Not the best of omens. Then again, the Hartford Whalers, of all teams, once beat the 1983-84 Edmonton Oilers -- one of the two or three greatest squads in the history of the sport -- 11-0. After all, it’s hockey.
A number of those Oilers players would be at the forefront of the international hockey event upon which all my dreams of classic, epic international events rest. I’m talking about a tournament that featured the best hockey ever played, with arguably the two best teams ever to take to the ice squaring off against each other in a best-of-three final.
Before NHL players suited up for their home countries at the Olympics, there was something called the Canada Cup, which was kind of a dry-run for what we have going on in the Olympics now. Prior to the start of the NHL seasons in 1976, ’81, ’84, ’87 and ’91, the world’s hockey power nations duked it out for global supremacy. What this usually meant was that Canada and the Soviets would advance to the finals, and hockey would be played at a level rarely seen before or after.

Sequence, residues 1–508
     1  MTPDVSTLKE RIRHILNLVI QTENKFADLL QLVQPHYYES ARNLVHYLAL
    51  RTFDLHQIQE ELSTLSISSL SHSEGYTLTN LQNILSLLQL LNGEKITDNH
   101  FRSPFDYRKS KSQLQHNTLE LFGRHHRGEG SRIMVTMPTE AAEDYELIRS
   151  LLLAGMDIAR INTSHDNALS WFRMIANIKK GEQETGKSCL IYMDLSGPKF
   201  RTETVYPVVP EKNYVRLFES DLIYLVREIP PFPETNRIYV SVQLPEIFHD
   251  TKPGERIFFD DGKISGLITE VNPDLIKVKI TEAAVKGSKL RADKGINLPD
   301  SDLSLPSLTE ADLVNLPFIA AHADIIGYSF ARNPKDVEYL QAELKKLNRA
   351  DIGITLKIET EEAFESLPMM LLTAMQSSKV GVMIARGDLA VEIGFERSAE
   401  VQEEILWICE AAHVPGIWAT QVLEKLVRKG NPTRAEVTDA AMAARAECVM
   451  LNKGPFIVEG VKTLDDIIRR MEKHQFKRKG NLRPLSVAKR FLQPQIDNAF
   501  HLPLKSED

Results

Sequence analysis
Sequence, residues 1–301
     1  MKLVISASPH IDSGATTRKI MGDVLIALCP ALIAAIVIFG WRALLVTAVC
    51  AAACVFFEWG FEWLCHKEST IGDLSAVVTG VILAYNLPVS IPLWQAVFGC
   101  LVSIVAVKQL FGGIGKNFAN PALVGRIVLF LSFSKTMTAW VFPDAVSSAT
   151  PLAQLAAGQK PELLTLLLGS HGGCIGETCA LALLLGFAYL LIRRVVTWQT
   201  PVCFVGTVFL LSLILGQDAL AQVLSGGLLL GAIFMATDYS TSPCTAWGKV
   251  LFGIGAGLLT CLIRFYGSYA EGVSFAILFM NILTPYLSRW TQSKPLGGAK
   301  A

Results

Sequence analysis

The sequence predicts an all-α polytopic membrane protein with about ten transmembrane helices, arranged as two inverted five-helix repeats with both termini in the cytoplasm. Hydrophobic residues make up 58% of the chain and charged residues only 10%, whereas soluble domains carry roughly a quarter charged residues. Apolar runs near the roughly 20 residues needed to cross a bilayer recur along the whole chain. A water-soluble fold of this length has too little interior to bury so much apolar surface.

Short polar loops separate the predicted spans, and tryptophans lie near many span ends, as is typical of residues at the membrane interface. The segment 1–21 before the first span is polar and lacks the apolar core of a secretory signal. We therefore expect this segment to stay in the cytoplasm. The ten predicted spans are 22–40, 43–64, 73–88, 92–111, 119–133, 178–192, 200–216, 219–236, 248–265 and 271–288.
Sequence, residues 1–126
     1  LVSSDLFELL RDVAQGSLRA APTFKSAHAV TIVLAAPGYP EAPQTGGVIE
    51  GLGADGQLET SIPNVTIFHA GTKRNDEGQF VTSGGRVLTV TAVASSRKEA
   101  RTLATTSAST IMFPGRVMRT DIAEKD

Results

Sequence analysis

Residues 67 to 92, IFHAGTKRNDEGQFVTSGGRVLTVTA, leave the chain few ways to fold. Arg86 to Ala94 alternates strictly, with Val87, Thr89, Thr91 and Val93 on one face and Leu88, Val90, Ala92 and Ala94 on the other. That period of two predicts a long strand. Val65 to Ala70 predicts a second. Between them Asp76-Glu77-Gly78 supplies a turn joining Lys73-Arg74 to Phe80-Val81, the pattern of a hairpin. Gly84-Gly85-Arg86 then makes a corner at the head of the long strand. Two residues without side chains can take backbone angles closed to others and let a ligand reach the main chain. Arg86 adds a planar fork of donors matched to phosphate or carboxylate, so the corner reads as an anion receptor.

In 1987, Team Canada squad featured -- this is going to disturb you, so steel yourself -- 12 eventual Hall of Famers. Wayne Gretzky played, even by his admission, the best hockey of his life, and the first power play unit consisted of Gretzky, Mario Lemieux, Mark Messier, Ray Bourque and Paul Coffey. Alas, this unit had a penchant for giving up shorthanded goals, but that’s largely because the Soviet team had a couple of guys -- namely, Sergei Makarov and Vladimir Krutov -- who were every bit as good as Lemieux, and just a tick below the preternatural Gretzky.
Every time the Olympics roll around, I fire up the tapes of that 1987 Canada Cup final, like some kid on Christmas Eve hoping that what he sees in his imagination will become reality come the morrow, or, in this case, right before the puck drop of the U.S. vs. Canada, or Russia vs. Sweden. I wish to see the gold standard reprised, you might say, but we’re talking some long odds on that score, considering what went down at the ’87 Canada Cup.